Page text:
A good rule of thumb is to diversify your resume. Don't put all of your eggs in the ATC basket when you don't have to. Lord knows a lot of people fell for college promises. A wise choice would be to pursue an education that you are interested in, but also has a stable hiring future and doesn't require medical certification. That way, if the ATC route doesn't work out, you can expect (or at least hope) to have a viable fallback.
I went to UND for commercial aviation initially. Thought I would be a bad-ass pilot. Got my leg messed up really bad the night before the commecial/instrument/multi-engine checkride. Instead of putting my flying on hold for a couple years I sidestepped to the ATC degree and got a BS in Aviation. It has worked out really well for me (except for the $50,000 private pilot's license), since I got hired with the FAA just a year or so after graduating.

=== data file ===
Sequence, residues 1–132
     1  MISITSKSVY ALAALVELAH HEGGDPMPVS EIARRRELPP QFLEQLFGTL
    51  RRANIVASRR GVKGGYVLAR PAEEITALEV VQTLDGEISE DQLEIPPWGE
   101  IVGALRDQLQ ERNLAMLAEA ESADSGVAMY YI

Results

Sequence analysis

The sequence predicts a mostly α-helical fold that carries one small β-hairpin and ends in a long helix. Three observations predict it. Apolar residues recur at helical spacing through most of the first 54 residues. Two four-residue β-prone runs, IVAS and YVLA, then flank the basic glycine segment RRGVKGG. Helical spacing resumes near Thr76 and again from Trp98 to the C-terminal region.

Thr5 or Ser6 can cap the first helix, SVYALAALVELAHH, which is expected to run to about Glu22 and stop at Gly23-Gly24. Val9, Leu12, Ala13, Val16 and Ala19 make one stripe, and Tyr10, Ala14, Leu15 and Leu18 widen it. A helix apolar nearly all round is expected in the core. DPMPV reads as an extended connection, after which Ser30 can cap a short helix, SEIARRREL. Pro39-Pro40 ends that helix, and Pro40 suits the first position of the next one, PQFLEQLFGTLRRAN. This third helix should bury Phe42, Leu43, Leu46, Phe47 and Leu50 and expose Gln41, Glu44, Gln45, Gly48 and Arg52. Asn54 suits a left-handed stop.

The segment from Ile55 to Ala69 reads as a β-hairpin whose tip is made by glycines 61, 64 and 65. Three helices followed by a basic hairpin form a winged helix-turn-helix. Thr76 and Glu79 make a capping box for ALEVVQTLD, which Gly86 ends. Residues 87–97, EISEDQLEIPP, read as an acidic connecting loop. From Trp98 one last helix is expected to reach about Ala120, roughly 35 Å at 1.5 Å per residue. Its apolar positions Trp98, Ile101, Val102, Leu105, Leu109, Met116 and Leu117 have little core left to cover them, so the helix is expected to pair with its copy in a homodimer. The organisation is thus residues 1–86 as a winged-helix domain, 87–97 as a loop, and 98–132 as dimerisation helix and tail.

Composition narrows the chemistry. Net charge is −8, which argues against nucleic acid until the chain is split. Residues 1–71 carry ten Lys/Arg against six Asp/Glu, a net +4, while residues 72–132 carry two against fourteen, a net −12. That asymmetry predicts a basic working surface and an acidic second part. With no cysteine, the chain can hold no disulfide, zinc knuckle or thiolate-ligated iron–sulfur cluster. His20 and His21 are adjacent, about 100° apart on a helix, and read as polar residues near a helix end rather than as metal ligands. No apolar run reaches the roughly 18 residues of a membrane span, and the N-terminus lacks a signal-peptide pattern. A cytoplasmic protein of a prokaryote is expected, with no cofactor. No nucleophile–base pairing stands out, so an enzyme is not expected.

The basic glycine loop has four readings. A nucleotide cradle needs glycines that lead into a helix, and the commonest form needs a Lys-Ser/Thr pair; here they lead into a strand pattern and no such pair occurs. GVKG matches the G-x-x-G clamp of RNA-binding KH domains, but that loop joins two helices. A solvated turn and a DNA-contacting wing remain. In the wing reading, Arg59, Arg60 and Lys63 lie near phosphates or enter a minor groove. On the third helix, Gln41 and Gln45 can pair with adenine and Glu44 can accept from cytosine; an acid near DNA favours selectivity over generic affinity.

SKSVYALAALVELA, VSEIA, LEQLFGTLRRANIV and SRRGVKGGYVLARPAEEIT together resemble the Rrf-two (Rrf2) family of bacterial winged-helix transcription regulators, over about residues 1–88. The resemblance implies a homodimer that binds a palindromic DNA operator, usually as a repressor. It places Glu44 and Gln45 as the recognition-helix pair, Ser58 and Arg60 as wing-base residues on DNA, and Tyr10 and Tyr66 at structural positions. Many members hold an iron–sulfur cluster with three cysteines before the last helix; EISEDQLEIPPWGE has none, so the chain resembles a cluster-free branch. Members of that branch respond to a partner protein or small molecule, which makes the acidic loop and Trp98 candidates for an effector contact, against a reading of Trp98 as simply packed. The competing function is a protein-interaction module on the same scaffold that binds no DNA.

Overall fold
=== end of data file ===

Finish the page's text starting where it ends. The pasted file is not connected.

If you're considering a CTI school I would strongly recommend a 4 year degree. It's much easier to get a job in the real world when you have a BS instead of an associates. If the ATC thing doesn't work out at least you have a 4 year degree. Plus, if you go to a real college like UND you can have a back-up plan like business, or nursing, or marketing, or computer sciences or something like that in case aviation doesn't work out. It would be a damn shame to get a two year degree in ATC, not get hired, and have to find a way to go back to school and get a degree in something else.
All that being said, it seems like the FAA is moving away from CTI schools. If I were to do it over again I would get a 4 year degree in something usefull like computer sciences and apply off-the-street. That way if I never got hired I could get a job in the real world, or if I did get hired and something happened to my medical I could find another job.